So how do we make this happen? How do we rise above the masses of other individuals who have interests similar to our own in order to be at the top of our game? Passion. Knowledge. Individuality. These things can have so much more impact than we realize sometimes. I’ve said it before, and I’ll say it countless more times in my life I’m sure, but passion is something that completely alters everything. You may not have to be passionate about everything you do, but you definitely need to make a real effort to do the things that you are passionate about. That is one thing that made Ralph Stanley so monumental. He had an extreme passion for music and he had an incredible passion for the region he called home. So often in his music he called out to his home, his family, his history and his savior. These are what were important to Ralph. These are the things he knew and loved, and these are the things that brought people to his music and made them want to come back again and again.

When it comes to individuality, there are a number of ways to make yourself different from others. The way Ralph did it was often by using his natural gift, which was the voice God gave him. He was quoted as saying that it was his voice that set him apart from others. It was something no one else had. God had given it to him. The same goes for the ideas in our head. Some say that there isn’t a story out there that hasn’t been told, and that may be true. But I would put money on the fact that, similar idea or not, no one has ever told the story in quite the same way you would. So why wait? Why hesitate? Your ideas, your talents, your strength are all unique to you, and you owe it to the world to set those things free, whether it be through writing, music, painting or anything else.

I’ll leave you something that has always given me a little motivation, no matter what mood I’m in when I think of it, but I read a quote some time ago that had a similar message to this post, but it ended with words that truly gave me chills and inspired me immensely; someone out there needs your book. So get up, go paint, go write, go play your music. Whatever it is, get out there and do it, because someone out there NEEDS your work.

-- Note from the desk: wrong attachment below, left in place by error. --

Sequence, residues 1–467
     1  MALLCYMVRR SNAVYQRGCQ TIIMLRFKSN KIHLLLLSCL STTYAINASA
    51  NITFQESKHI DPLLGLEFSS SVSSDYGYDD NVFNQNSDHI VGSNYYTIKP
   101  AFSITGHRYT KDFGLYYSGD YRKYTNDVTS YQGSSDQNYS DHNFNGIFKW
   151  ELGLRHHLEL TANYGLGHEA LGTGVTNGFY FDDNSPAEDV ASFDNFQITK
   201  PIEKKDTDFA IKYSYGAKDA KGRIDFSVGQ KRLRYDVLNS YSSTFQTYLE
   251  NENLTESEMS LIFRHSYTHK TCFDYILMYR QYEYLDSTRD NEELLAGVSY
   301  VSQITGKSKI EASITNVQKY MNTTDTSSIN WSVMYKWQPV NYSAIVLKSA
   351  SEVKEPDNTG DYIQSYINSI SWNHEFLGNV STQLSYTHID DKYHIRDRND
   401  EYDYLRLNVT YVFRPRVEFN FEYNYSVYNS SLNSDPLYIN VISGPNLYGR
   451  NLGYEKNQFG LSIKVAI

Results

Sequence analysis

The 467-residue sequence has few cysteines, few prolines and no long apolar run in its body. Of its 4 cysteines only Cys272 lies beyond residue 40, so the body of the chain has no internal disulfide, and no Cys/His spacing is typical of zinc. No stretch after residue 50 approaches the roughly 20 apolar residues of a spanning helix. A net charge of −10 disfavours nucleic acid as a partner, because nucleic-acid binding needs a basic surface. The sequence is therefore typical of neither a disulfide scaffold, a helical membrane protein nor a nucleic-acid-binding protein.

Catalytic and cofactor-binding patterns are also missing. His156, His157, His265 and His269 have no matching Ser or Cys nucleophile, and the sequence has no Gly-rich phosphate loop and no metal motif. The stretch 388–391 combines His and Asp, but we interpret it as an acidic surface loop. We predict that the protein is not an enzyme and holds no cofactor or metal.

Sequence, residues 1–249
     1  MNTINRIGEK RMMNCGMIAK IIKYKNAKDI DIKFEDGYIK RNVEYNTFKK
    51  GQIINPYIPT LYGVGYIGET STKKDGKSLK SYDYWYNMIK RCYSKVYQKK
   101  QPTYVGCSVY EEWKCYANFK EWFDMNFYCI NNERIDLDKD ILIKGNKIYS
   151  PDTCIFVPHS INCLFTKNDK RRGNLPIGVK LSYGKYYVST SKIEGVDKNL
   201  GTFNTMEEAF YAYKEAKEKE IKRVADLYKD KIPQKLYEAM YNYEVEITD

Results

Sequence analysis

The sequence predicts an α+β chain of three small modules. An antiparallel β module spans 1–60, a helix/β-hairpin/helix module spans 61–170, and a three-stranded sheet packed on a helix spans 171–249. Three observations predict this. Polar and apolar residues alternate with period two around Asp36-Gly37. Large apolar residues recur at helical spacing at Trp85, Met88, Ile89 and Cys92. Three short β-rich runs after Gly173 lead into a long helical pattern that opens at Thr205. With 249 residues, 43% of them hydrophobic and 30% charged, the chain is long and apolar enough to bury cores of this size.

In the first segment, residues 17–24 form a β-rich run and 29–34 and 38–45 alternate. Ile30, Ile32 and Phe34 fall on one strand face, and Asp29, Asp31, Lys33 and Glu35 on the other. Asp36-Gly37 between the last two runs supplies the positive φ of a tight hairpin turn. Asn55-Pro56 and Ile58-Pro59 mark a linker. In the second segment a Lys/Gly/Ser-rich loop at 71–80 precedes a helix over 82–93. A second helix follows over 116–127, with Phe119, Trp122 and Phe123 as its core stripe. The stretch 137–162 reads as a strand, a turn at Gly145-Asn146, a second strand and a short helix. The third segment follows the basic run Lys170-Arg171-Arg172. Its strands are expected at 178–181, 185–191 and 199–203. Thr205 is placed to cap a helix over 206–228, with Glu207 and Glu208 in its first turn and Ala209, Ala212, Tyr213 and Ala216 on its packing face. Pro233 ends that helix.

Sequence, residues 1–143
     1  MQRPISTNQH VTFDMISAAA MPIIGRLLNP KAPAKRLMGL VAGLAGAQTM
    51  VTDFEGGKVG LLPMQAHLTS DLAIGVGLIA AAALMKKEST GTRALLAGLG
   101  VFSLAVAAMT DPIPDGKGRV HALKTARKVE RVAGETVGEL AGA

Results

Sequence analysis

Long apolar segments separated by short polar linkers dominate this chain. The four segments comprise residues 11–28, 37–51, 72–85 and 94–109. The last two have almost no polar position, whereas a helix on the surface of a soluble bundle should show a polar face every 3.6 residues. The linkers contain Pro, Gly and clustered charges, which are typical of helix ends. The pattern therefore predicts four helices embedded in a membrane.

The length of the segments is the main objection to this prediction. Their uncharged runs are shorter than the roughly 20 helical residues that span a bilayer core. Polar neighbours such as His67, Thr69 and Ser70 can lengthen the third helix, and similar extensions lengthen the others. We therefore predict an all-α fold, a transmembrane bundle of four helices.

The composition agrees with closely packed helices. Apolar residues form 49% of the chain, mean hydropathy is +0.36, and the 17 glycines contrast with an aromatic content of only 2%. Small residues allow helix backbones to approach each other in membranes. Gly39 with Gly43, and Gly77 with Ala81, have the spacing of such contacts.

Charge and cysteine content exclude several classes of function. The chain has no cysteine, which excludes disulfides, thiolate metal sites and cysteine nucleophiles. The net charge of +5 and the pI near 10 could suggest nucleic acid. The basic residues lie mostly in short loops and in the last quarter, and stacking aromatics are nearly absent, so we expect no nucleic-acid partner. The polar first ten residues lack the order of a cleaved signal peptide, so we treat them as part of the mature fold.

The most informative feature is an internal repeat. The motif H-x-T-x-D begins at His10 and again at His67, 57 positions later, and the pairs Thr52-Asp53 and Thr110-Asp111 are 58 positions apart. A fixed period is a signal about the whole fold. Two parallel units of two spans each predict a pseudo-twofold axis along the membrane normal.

Thank you all for coming back and checking out this post. If you haven’t yet, please check out the rest of the new site and go read my last blog post which includes a free and exclusive story that I wanted my subscribers to have first crack at. Leave me comments and let me know what you think of my posts, my stories, the site, or just whatever you’d like to say!

Huge Announcement and New Work

Hello friends and fans!! I’m coming to you live on my brand spanking new site, and it feels great! As many of you know I used to have a separate site from my blog that, although fairly successful, left something to be desired for me. After this year’s writers symposium I found myself in a state of improved ambition and confidence, as is usually the case, and I came home to tell my wife that I wanted to make some changes and set some goals for myself and that I needed her to help. She didn’t hesitate for a second.

We put our heads together and worked out some things that needed to happen, the first of which was to get a new website going for me and keep it going and updated regularly. I relied on her expertise to build the site, and together we got the ball rolling. So, here, with a whole new round of current headshots, the migration of my old blog and followers and the inclusion of a brand new newsletter (which I sincerely hope you’ll all subscribe to) I give you my new site! Take some time and browse through at your leisure, but not before taking a peek at one of the things I have been most excited about in recent weeks.

On the bottom of this post I am going to include my latest short story, completely free and exclusively for followers of my blog! I got this story idea while working on the presentation I was teaching at last year’s symposium and I let it cook for a while before jotting a version down.  After this year’s event I looked at it again and decided that I would update it and put it out to give you all the first chance to read it! The story itself draws from folk tale styles and local color writing in my area, and is honestly unlike anything I’ve done before.  I hope you’ll all take the time to read it and give me some honest feedback, because it may end up being part of a larger announcement and project soon. Anyway, I hope you all enjoy the story and the site and I’ll be writing again soon!